Starring Shawn Andrews, Olivia Wilde, Megalyn Echikunwoke, Tao Ruspoli, Dedee Pfeiffer, Polly Brown, Rodney Eastman, Aesop Aquarian and Jacob Von Eichel.
Screenplay by Tao Ruspoli and Jeremy C. Fels.
Directed by Tao Ruspoli.
Distributed by LAFCO and Mangusta Pictures. 90 minutes. Rated R.
In Tao Ruspoli’s Fix, a smart-but-naïve liberal documentary filmmaker and his hot progressive girlfriend have a day to enroll his brother in rehab to save him from being thrown in jail. With the brother in tow, they cover some of the most (and least) scenic sections of Los Angeles’ underworld in order to scrape up enough money to pay for the rehab facility.
This mission may be more of a moral dilemma for the audience if not for the fact that every single thing that the brother says or does leads to a pretty inescapable conclusion – yeah, the guy really should be in jail.
Rehab would be wasted on him. He is an unrepentant drug user – we see him apparently high several times in the film and actually watch him shooting up once. So you know that he is interested in rehab to avoid jail, not to help kick the habit. Besides, despite the fact that he is occasionally marginally charming, the guy quite simply is a criminal.
For example, just a few of his little scams to pay for rehab include hitting up a producer’s estranged wife, selling stolen cars, stealing an espresso machine, trying to sell a boxer mutt as a thoroughbred, and eventually trying to unload a pound of medical grade marijuana.
Selling marijuana to pay for rehab – just because it is ironic doesn’t necessarily make it funny.
And this guy is our hero…
Well, sort of, anyway. Perhaps our hero is supposed to be the man behind the camera – though we rarely see him on film. (Yes, this is another one of those pseudo-documentary films where a character spends most of the film capturing everything with a handheld camera). However, Milo – the filmmaker (played by co-writer/director Ruspoli) seems to care much more about getting his brother Leo (played with some hipster charm and massive self-pity by Shawn Andrews) into rehab than Leo does.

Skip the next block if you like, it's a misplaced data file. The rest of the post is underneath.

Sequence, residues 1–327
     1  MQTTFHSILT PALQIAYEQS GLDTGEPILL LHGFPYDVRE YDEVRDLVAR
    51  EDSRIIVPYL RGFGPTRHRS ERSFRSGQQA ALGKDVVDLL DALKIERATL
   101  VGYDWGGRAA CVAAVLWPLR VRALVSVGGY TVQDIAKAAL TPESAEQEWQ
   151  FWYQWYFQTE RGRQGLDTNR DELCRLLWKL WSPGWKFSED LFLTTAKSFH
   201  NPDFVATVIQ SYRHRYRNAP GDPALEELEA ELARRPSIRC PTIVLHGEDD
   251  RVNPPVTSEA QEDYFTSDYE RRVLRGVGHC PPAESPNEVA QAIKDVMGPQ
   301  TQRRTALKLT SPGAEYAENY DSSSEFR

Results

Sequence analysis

Milo drags in his big-hearted (and very attractive) girlfriend Bella, played by Maxim magazine’s 2009 number one hottie Olivia Wilde of The OC and House. In case you are wondering what exactly Olivia Wilde is doing in a relatively thankless role in this tiny indie project, it can probably be answered with one brief statement of fact: she is married to writer/director Ruspoli.
Milo convinces Bella to come along because they are making a movie on crime and how it affects and seduces the poor. Apparently for a couple who is making a film about crime, neither of them really knows any criminals. Bella hates Milo at first – for good reason, he is an asshole and a con man. However, eventually Bella seems to soften to him for reasons that make no real sense other than Ruspoli wants her – and by extension the audience – to find Leo to be a lovably tragic figure.
Of course, the street life here is just a tiny bit quirky for the film’s indie cred – hence the theft of the espresso maker and the dog. Seriously, there is a scene where a hardened gangsta brags about how he is living the street life dream while he is playing dominoes on a project bench. Plus, Milo is told threateningly at least a dozen times by criminals, lawyers and cops to turn the camera off – and not one of them makes another peep when he simply doesn’t. We’re not exactly talking The Wire here.
In the end, I don’t think that Ruspoli – who apparently based this film on experiences he has had with his own brother – quite realizes how utterly unlikable his addict antihero is. Ruspoli is trying to portray Leo as an affable loser, however the description that comes to mind much more readily is that he is an asshole.
The film’s final shot, which is intended to be a sad reminder of the unpredictability of life with an addict, was actually rather inevitable with this selfish character. Without that expected big emotional payoff, Fix sort of feels like it was treading water for 90 minutes – stylish, but ultimately empty.
Jay S. Jacobs
Copyright ©2009 PopEntertainment.com. All rights reserved. Posted: November 16, 2009.